Another argument to persuade the corporate types is the fact that they know that users keep important stuff on their PCs. They pretend that this is not the case. They will insist that all important stuff is on the servers, which are backed up religiously. But they know users are keeping work in progress and new proposals locally - they also know it's damn near impossible to effectively back up local PCs. Many have tried but few have succeeded. A Zip drive turns backup of locally important stuff into an SEP. For those who haven't read the Hitchiker's Guide to the Galaxy, an SEP is "Someone Else's Problem". It is a well-known fact that once something becomes an SEP it is no longer visible to anyone other than the person directly affected. This appeals to all IT managers. They'll probably pay for the Zip drive themselves on their personal Amex.

The IDC survey also showed that staff take their work home with them more often if they can do it easily. And then the boss gets free hours. Gotta be happy about that. Almost worth buying them all a Zip for use at home. Bosses will also like the survey findings that these removable drives have virtually no negative impact on the total cost of ownership. In other words, they're easy to use and they don't screw up very often. Beyond that, the survey also found that removable drives could help with network bandwidth. That is, if they've got a Zip drive, they'll use it when working on collaborative projects instead of choking the server and the network with multiple drafts of large presentations. They'll also stop trying to use e-mail as a way to send the presentation around the building. Knowing this can make it even easier to sell the drive everyone wants anyway.

To avoid the accusation that this is just a giant plug for Iomega, I'll tell you about some other removables. The most obvious is Imation's SuperDisk. These guys have made the Betamax of cartridge drives. The drives are smarter, faster and slightly larger in capacity than the standard Zip, and they also read and write a standard floppy disk. This is an idea that is just too sensible to fail - but that hasn't stopped others in the past. Imation doesn't seem to be making a dent in Iomega's sales, except in one crucial market - notebook PCs. Since the idea of a notebook is to be small and lightweight, it sort of defeats the purpose when you have to lug an external Zip drive and cables around with you. The Imation SuperDisk can be installed internally into a notebook by the manufacturer, without needing an extra hole for the floppy-drive.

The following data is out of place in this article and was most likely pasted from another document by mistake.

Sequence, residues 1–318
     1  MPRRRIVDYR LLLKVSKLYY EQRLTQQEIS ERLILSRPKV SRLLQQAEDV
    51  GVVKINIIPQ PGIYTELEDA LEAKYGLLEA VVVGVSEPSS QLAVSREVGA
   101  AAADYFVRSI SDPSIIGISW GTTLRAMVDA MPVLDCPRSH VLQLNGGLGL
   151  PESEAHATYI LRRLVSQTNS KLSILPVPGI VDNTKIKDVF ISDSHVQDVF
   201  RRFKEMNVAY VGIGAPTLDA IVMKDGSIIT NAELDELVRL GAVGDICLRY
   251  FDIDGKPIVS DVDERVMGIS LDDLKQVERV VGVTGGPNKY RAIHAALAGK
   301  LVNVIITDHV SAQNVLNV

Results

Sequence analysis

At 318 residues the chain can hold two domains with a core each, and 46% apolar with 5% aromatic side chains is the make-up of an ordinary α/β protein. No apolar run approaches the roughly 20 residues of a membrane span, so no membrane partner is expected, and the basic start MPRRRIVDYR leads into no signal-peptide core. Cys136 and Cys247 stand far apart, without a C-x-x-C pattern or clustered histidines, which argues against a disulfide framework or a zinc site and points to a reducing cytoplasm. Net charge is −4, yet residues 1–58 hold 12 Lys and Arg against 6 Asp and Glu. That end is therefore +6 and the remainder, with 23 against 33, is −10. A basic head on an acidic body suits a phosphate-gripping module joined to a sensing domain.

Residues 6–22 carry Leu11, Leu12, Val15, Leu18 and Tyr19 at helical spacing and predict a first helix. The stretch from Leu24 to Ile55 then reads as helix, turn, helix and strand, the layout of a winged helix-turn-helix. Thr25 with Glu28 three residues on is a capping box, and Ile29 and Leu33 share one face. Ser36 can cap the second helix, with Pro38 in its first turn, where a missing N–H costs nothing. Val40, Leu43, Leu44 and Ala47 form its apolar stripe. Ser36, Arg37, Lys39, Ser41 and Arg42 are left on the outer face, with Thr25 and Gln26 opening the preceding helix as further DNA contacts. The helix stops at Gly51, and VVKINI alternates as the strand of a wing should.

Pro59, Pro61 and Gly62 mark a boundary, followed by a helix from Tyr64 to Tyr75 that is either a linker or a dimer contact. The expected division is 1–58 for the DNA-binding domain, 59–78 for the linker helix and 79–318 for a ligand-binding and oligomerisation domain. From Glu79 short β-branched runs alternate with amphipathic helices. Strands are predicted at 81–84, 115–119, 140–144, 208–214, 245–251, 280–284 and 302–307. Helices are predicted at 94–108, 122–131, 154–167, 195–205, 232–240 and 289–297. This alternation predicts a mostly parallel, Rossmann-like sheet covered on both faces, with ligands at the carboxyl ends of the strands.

Of course, if enough notebooks start appearing with SuperDisks pre-installed, then users are going to be asking for one in their desktop machines as well. Iomega has upped the ante recently with a 250MB drive that looks and feels like the original Zip. This battle isn't over yet. Just a few years ago anyone would have thought that SyQuest had an unassailable lead in the removable storage marketplace. Stay tuned for more fireworks in this arena, but don't stop selling drives in the meantime.

When 100MB isn't enough storage, and 250MB is still not enough, you need a 2GB drive. Iomega sells the Jaz drive for those who need to move seriously large chunks of data around in their pockets. The drives sell for about $650 tax paid, and the blanks cost about $175 each. Ouch! Those prices have left room for the competition to get well and truly set. Castelwood is a company made up primarily of ex-SyQuest clever-dicks, and it uses a different technology in its ORB removable cartridge drives. What these dudes have done is take current magneto-resistive hard disk technology and make it removable.

Because they use a modified version of the hard disks we all use, ORB drives are speedy and affordable. The ORB drives move data at 12MBps, which is 33 per cent faster than a Jaz. They also sell for about $400 inc tax and the blanks cost $79 each. A lot of you already know about this technology, but for those who just stumbled across it now, contact the local distributor, Business Bits, at www.bbits.com.au for all the details. There is an internal EIDE drive, an external parallel port version, a SCSI model for the iMac and real soon now, USB and FireWire models. The ORB drives picked up an award for "Best Multimedia Product" at the recent PC IT 99 trade show.